> > reassigned by reevaluating the selectors against the dom tree.
>
> This is of course an issue that almost all replies have
> mentioned, but let's be serious; isn't this the developer's
> responsibility? If he's such a moron that he uses dynamic
> scripting with XPath/CSS, and this takes like 30 minutes to
> render on his PC, it's really his problem.
Yes, well, I currently don't think XPath will be so much slower than CSS 
Selectors.
XPath could be slower than CSS selectors when using complex XPath expressions, 
but it would give abilities one hadn't when using CSS Selectors.

> This goes for anything stupid that can be done with ECMAScript;
> and there can be done (and is being done) *extremely* much
> stupid, I tell yer!
True, true...

> > Pro: Most UA's already get XPath support for transforming
> > XML documents with XSLT.
>
> At least they get it from components that exists in the OS.
> E.g. Internet Explorer on Windows uses MSXML to transform
> documents. XPath can actually be used as a driver to get
> better XML and XML-related support in browsers.
Well, wether a UA natively supports XPath or via some library is of no 
interest to me, that's the UA vendor's implementation details no one except 
the UA's vendor should have to care about.

> > Pro: The drawbacks sometimes can't not easily or even at all
> > be circumvent under some circumstances, e.g. in content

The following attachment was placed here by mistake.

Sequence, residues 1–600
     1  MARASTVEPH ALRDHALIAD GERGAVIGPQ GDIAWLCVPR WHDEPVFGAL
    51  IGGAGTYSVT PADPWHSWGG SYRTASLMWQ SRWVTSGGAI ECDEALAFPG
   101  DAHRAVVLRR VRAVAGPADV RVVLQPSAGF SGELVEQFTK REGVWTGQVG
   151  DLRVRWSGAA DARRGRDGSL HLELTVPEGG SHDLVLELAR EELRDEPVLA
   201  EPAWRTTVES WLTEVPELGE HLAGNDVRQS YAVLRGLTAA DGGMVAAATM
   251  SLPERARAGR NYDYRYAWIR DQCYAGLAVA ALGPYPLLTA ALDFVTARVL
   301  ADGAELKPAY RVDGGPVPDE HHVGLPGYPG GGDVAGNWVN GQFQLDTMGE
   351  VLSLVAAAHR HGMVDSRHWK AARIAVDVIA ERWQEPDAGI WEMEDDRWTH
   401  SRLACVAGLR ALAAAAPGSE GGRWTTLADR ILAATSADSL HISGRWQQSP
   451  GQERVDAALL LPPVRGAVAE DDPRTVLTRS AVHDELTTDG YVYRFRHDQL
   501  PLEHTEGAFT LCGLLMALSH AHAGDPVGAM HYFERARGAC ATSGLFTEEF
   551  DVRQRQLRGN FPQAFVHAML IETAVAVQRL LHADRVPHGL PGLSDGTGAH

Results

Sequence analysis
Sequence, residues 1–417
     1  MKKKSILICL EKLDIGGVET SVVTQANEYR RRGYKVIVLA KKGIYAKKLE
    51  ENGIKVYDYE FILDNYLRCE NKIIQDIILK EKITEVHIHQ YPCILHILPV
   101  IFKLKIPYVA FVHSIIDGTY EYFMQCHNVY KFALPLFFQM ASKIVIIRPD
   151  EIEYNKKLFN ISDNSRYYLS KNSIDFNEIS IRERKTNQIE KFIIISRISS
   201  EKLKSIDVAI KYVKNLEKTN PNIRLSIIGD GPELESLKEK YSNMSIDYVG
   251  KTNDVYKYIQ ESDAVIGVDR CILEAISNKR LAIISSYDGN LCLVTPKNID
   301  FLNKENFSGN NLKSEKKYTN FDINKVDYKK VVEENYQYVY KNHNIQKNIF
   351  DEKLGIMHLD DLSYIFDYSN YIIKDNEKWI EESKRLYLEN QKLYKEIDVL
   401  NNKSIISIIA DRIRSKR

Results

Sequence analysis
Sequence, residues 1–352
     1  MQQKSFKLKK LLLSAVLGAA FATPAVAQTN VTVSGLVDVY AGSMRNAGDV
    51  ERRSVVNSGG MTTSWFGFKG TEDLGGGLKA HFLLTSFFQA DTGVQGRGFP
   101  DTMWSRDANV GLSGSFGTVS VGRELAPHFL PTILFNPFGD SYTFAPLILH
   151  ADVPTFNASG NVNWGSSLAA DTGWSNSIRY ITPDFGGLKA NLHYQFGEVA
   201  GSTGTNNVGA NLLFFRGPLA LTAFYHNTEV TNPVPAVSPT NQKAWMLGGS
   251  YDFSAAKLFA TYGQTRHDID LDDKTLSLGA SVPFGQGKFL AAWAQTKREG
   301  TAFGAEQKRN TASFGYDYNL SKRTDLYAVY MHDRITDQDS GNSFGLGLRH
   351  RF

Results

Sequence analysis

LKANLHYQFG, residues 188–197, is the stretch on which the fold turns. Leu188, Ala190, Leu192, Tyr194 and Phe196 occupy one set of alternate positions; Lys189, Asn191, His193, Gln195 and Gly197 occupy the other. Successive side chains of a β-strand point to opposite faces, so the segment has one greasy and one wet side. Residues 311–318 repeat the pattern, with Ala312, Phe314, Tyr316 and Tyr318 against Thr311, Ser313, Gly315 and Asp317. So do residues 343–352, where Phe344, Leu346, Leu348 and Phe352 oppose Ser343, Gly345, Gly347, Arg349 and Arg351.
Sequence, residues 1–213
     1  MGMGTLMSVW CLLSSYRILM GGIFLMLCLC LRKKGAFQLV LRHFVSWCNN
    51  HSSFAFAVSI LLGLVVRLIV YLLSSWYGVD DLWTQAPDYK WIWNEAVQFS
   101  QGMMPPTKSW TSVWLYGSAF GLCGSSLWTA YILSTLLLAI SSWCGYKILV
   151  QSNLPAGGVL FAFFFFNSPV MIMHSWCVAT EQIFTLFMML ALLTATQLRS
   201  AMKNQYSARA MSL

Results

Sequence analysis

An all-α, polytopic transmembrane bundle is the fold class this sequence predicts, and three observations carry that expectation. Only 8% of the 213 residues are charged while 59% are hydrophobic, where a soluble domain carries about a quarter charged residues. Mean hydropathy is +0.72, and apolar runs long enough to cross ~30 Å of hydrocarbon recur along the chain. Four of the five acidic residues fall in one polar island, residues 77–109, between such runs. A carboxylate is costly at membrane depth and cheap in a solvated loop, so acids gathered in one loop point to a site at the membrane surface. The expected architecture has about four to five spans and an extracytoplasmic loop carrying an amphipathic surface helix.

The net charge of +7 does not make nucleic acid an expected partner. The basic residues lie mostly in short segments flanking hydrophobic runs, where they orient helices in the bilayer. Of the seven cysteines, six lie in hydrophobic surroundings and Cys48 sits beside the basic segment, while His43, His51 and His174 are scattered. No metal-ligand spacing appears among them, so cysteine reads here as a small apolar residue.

> > management systems.
> Can you please dredge a bit on this one? I'm not quite
> following you.
If CSS doesn't support XPath, you could use XSLT and XPath to generate an 
appropriate stylesheet and document using lots of ids and classes to 
circumvent the drawbacks of not having XPath Selectors in CSS.
But if you're bound to some content management system, you can't use XSLT and 
XPath anymore to do that, then you're fixed to the abilities the server side 
and the client side system give you, and the CMS on the server side will 
probably not allow any customization via XSLT / Xpath. (Perhaps there are 
some CMS that can, but I'm talking of CMS in general)

> > For a homogenisation, I personally would prefer to take more
> > of XPath's syntax than of CSS' syntax.
> We might step on some toes here, but I agree.
Oh for that case in wise foresight I have taken care and at first stated 
clearly that there was CSS first and then XPath ;-) So the toes should be 
padded and it shouldn't hurt much while I *jump* step *jump* on *jump* them 
<g> (oh, I'm airy, just 52 kg).

> ____
> [1] Disclaimer: I have no idea of how close the XPath WG and
>     CSS WG are working, so in this paragraph I just assume
>     that they are not working close. The reason i assume this,
>     is that I don't think there are many similarities between
>     XPath and CSS Selectors, other than functionality.
I hope the disclaimer isn't copyrighted because I want to claim it for me, 
too.

[2] <http://www.hujer.com/www/selectors>


Bye
- -- 
ITCQIS GmbH
Christian Wolfgang Hujer
Geschäftsführender Gesellschafter (Shareholding CEO)
Telefon: +49  (0)89  27 37 04 37
Telefax: +49  (0)89  27 37 04 39
E-Mail: Christian.Hujer@itcqis.com
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Received on Monday, 23 June 2003 04:00:52 GMT